A memorial: a Russian court hears a petition to shut down a famous human rights organization

On Thursday, Russia’s Supreme Court began hearing a petition to close down the “Memorial” organization, one of the oldest and most prominent human rights groups in the country.

The move sparked public anger amid a months-long crackdown on activists, independent media and opposition supporters.

After several hours of the hearing, the court decided to postpone until December 14.

Earlier this month, the attorney general’s office petitioned the Supreme Court to revoke Memorial’s legal status.

The International Human Rights Group rose to prominence due to its studies of political repression in the Soviet Union and currently includes more than 50 smaller groups in Russia and abroad.

Memorial was declared a “foreign agent” in 2016 – a designation that carries additional government scrutiny and carries strong connotations of disdain that can tarnish the reputation of the target organization. Prosecutors allege that the group repeatedly violated regulations requiring it to designate itself as a “foreign agent” and attempted to conceal the designation.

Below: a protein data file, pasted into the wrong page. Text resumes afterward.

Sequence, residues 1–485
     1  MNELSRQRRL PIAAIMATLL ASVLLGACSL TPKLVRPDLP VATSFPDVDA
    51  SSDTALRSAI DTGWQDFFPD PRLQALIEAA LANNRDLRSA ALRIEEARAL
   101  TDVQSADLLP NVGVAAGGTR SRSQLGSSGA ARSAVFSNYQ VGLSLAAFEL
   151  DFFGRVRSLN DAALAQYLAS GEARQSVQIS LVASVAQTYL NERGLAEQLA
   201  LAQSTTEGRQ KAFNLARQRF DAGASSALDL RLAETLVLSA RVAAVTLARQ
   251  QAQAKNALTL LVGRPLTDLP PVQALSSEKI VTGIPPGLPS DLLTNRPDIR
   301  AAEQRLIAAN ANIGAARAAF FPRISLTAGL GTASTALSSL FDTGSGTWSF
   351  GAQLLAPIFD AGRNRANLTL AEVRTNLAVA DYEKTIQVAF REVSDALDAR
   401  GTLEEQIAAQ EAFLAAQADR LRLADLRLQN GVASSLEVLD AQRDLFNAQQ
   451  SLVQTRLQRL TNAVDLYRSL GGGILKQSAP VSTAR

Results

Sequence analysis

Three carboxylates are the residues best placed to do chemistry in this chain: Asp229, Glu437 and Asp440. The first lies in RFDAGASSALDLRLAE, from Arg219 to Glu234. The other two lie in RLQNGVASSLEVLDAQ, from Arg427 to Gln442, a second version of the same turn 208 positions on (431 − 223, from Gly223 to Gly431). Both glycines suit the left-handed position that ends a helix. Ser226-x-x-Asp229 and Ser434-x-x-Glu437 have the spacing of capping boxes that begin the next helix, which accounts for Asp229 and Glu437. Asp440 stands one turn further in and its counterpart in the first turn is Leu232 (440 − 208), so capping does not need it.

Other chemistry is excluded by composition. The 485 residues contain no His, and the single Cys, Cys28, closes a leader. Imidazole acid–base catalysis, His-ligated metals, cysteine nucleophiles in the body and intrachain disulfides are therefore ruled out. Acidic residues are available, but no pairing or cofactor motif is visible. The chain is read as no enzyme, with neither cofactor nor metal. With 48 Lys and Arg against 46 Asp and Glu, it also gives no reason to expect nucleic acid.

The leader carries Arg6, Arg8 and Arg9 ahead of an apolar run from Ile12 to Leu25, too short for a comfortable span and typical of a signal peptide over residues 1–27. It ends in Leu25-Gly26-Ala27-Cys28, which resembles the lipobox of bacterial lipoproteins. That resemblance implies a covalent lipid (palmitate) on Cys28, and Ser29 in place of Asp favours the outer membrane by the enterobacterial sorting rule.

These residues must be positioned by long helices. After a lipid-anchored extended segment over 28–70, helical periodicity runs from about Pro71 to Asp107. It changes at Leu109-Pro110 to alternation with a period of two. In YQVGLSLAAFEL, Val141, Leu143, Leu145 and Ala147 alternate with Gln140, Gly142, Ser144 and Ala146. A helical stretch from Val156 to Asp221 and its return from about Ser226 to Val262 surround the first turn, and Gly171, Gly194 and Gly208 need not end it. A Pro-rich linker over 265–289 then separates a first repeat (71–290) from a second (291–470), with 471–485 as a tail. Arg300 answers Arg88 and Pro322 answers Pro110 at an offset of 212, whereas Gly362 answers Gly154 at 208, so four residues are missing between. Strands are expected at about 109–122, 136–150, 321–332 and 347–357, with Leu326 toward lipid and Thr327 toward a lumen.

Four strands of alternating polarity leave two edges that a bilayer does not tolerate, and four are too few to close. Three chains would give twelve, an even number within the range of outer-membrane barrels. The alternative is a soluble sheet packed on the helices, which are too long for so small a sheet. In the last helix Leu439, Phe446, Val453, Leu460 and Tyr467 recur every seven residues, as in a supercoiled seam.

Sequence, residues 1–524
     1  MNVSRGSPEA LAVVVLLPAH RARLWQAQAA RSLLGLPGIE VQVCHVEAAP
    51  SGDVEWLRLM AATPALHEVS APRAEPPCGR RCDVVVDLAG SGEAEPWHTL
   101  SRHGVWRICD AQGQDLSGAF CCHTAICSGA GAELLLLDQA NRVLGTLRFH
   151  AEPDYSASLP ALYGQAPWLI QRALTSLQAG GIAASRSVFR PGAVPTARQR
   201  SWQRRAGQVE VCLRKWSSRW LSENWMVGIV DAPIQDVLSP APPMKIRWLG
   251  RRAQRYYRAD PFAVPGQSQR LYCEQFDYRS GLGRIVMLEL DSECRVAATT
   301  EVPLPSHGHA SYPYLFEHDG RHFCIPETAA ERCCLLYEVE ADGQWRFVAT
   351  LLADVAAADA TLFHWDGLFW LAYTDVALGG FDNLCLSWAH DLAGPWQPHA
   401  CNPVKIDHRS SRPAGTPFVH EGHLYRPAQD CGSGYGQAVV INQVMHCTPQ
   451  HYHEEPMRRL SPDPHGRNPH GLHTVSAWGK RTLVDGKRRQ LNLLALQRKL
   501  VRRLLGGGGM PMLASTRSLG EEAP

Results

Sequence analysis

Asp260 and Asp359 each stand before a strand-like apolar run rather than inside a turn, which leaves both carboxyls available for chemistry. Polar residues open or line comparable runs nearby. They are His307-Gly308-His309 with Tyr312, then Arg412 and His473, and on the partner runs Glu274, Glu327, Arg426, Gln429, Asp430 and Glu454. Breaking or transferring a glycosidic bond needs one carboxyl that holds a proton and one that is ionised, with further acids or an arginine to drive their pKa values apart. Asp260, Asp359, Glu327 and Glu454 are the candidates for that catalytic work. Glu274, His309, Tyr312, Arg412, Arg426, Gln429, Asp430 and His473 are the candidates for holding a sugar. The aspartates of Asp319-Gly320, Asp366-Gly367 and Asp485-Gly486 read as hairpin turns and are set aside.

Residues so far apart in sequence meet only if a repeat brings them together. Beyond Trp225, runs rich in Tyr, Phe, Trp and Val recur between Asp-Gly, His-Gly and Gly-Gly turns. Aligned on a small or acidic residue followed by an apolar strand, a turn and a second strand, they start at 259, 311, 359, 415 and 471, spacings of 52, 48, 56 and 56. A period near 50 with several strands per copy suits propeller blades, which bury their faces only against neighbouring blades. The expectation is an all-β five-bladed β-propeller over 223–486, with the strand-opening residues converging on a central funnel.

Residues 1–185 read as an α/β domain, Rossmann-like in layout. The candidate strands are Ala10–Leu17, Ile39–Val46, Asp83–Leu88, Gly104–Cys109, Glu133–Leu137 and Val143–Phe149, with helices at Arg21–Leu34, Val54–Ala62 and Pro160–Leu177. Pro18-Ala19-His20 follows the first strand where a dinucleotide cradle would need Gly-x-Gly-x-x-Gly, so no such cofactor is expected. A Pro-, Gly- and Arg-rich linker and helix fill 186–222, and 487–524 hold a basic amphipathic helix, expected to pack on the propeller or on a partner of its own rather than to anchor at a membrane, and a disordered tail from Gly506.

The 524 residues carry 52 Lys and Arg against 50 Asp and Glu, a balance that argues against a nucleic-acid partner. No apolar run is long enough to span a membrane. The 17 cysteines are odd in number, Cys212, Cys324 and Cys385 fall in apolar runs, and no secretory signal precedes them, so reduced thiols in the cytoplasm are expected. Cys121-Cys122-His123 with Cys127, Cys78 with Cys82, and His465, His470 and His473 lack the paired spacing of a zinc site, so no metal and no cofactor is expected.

Memorial and his supporters emphasized that the accusations were politically motivated.

As the hearing on the petition to close the Memorial began on Thursday, large crowds gathered in front of the Supreme Court building to show support for the organization.

At least three people were reportedly arrested – including two older women holding signs that read “Thank you, Memorial, for remembering us” and “You can’t kill people’s memory”.

Oleg Orlov, president of Memorial, said Thursday that the group would appeal the ruling, if a court decided to close it, and would continue to operate. “

We will appeal to the European Court and we will continue to work one way or another. Inside the International Monument may not be potentially liquidated, but we also have the Moscow Monument and many memorials in regions of Russia – until liquidated.

In recent months, the Russian government has designated a number of independent media, journalists and human rights groups as “foreign agents.”

At least two were resolved to avoid a tougher crackdown.

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